Recently a member of the support team at SolarWinds posted “Cutting Down On Alerting Noise: Guest Post From Support”.
The challenge of alert fatigue and noise is a big one. Many companies have attempted, and still are attempting, to solve this issue. BigPanda, is an example of such a company.
In the original post, three tips are detailed.
The first tip discusses custom properties – which allows you to control who gets alert and if they are sent at all. This is great and useful to ensure that whoever does get alerts, should get them.
The second tip instructs you to teach Orion what the dependencies are between your devices. This is something that I have personally rarely seen a user of SolarWinds NPM do.
The third tip though, is a bit more interesting. The ability to create custom conditions – essentially teaching Orion how to look at more than one parameter to provide you with a more interesting and actionable alert. The challenge here, though, is that it is up to the user to define these. How will the user think of what to define? How much effort will it take them? This is a great feature, which SolarWinds introduced in NPM 11.5, but I’d be interested to see who uses it and how.
The reason this post is so interesting to me, and us at indeni, is that it strikes a chord with what we’re doing. Our operating assumption is that alerts must be actionable and as few and far between as possible, to ensure alert fatigue doesn’t settle in. To do that, we need to factor in relationships between devices (see tip #2 above) and complex conditions that factor in dozens of parameters (see tip #3 above).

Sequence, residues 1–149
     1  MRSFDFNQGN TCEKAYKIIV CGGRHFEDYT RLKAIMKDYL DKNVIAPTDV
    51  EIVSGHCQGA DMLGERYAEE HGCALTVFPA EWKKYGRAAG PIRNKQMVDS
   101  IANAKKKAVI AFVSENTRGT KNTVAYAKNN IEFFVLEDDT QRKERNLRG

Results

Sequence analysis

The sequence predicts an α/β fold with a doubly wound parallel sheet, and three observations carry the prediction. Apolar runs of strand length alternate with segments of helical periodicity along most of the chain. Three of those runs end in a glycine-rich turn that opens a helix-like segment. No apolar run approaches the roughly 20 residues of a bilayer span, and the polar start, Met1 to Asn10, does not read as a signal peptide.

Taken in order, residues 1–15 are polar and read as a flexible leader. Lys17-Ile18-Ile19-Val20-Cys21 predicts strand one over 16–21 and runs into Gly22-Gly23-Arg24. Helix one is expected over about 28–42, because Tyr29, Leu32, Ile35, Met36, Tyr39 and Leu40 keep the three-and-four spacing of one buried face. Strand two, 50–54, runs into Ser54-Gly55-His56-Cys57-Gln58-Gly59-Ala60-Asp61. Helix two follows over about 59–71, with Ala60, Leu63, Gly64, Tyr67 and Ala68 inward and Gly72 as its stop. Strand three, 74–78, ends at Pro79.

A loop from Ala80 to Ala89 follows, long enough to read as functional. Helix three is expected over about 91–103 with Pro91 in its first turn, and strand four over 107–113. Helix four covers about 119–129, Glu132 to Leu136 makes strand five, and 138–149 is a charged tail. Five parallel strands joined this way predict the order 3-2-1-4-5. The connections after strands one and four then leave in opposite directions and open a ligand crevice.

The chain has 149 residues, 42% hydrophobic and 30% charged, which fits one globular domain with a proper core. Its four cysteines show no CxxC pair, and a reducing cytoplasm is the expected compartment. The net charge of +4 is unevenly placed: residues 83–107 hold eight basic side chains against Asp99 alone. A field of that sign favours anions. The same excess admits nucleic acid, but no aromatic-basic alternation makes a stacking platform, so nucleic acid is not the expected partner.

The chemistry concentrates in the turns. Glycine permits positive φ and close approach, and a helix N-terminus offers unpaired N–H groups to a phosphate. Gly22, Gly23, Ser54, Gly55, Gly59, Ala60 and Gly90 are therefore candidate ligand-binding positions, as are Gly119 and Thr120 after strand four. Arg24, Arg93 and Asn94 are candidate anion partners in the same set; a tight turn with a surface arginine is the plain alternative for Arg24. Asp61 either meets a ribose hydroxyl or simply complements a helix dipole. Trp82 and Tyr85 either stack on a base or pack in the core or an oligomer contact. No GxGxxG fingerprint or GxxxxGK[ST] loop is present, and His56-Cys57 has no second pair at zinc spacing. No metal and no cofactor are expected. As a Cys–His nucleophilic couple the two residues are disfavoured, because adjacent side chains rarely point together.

Our approach is proven – 97% of the alerts we issue get actioned immediately. That shows that alert noise isn’t a problem in our approach. I can tell you, however, that knowledge generation, the mechanism through which you determine relationships and complex conditions, is one. That’s the really tough nut to crack.
Thankfully, we’ve got smart guys working on that. 🙂
So – if you’re an Orion NPM user and are looking to get far deeper insight into devices made by Check Point, F5, Palo Alto Networks and others (see our supported technologies list) – you need to try indeni. One important feature about indeni is that it can replace your NPM for the specific devices indeni already supports, and you can have indeni’s alerts forwarded to directly to your ticketing system.
If you found this article interesting, you should sign up for our newsletter.
Fill out the form below.[ninja_form id=20]